8.
Soc Work Health Care ; 60(1): 49-61, 2021.
Article in English | MEDLINE | ID: covidwho-1072244

ABSTRACT

The COVID-19 pandemic has exposed the systemic inequities in our health care system and society has called for actions to meet the clinical, psychosocial and educational needs in health care settings and communities. In this paper we describe how an organized Department of Health Social Work in a medical school played a unique role in responding to the challenges of a pandemic with community, clinical, and educational initiatives that were integral to our community's health.


Subject(s)
COVID-19/epidemiology , Leadership , Schools, Medical/organization & administration , Social Work/organization & administration , Compassion Fatigue/epidemiology , Food Supply/methods , Health Status , Hotlines/organization & administration , Humans , Inservice Training/organization & administration , Mental Health , Palliative Care/organization & administration , Pandemics , SARS-CoV-2 , Telemedicine/organization & administration , United States/epidemiology
9.
Depress Anxiety ; 37(8): 822-826, 2020 08.
Article in English | MEDLINE | ID: covidwho-645210

ABSTRACT

INTRODUCTION: The COVID-19 pandemic has brought a health care crisis of unparalleled devastation. A mental health crisis as a second wave has begun to emerge in our front-line health care workers. OBJECTIVE: To address these needs, The Healthcare Worker Mental Health COVID-19 Hotline, based on crisis intervention principles, was developed and launched in 2 weeks. METHODS: Upon reflection of why this worked, we decided it might be useful to describe what we now recognize as 13-steps which led to our success. The process included the following: (1) anticipate mental health needs; (2) use leadership capable of mobilizing the systems and resources; (3) convene a multidisciplinary team; (4) delegate tasks and set timelines; (5) choose a clinical service model; (6) motivate staff as a workforce of volunteers; (7) develop training and educational materials; (8) develop personal, local, and national resources; (9) develop marketing plans; (10) deliver the training; (11) launch a 24 hr/7days per week Healthcare Worker Mental Health COVID-19 Hotline, and launch follow-up sessions for staff; (12) structure data collection to determine effectiveness and outcomes; and (13) obtain funding (not required). DISCUSSION: We believe the process we used is specifically useful for others who may want to develop a COVID-19 hotline services for health care workers and generally useful for the development of other mental health services. CONCLUSION: We hope that this process may serve as a guide for other heath care systems.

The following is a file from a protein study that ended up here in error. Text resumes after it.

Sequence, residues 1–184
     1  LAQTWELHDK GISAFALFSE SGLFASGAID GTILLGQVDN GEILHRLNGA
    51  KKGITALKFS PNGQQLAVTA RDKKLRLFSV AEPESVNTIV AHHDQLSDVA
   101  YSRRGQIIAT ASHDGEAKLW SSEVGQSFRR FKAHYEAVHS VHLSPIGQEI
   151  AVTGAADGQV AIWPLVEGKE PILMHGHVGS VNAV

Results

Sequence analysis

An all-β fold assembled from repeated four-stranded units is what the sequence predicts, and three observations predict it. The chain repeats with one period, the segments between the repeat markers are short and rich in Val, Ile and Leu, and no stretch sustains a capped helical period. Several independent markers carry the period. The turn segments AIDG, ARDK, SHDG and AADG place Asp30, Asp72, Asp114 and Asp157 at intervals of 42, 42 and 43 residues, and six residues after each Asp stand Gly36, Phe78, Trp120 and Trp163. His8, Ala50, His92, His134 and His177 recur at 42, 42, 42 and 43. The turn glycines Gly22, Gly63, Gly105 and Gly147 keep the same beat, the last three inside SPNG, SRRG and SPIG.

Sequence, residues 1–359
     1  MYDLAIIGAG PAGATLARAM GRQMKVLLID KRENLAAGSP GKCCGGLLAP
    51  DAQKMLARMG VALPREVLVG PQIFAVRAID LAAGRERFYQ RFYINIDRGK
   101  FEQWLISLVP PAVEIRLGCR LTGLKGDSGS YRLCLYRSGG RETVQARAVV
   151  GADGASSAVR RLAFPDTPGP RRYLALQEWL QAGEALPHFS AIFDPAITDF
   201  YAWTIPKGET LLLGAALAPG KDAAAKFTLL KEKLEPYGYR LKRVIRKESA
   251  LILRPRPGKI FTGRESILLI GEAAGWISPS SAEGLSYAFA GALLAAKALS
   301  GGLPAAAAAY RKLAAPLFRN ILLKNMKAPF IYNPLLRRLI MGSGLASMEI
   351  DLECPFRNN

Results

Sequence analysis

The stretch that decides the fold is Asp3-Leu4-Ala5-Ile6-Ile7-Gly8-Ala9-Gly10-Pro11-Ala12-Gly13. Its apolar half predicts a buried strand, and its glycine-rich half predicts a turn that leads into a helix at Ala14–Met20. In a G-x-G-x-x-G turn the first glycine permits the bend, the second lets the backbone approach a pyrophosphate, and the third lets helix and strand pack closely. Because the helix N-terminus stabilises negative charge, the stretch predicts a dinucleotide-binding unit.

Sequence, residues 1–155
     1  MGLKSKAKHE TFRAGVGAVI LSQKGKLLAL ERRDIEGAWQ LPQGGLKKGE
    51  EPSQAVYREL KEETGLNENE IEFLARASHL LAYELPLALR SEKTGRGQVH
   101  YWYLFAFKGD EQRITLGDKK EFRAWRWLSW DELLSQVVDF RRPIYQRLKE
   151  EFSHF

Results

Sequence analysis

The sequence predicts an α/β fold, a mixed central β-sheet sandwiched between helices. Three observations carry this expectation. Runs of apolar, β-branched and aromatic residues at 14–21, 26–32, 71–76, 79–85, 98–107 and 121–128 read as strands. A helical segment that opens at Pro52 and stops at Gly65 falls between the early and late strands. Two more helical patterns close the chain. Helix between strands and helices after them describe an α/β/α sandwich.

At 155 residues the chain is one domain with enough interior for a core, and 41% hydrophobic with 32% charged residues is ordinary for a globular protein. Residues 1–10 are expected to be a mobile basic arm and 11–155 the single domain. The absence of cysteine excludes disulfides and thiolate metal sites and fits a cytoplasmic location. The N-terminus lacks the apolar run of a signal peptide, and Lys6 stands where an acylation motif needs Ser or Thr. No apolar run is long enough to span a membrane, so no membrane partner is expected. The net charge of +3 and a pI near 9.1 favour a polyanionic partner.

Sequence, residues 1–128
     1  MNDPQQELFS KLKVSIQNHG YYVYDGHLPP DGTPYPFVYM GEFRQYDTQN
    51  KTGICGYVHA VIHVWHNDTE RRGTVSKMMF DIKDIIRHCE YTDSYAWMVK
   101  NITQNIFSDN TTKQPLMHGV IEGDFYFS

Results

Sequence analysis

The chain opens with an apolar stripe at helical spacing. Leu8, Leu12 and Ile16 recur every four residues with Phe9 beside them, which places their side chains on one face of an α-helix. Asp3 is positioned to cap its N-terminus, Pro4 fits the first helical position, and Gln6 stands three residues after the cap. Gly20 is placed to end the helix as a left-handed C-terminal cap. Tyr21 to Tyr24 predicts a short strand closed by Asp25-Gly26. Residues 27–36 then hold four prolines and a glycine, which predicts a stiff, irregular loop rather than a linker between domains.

Subject(s)
Coronavirus Infections/epidemiology , Coronavirus Infections/psychology , Health Personnel/psychology , Hotlines , Mental Health Services/organization & administration , Mental Health/statistics & numerical data , Pneumonia, Viral/epidemiology , Pneumonia, Viral/psychology , COVID-19 , Humans , Leadership , Mental Health Services/economics , Pandemics
SELECTION OF CITATIONS
SEARCH DETAIL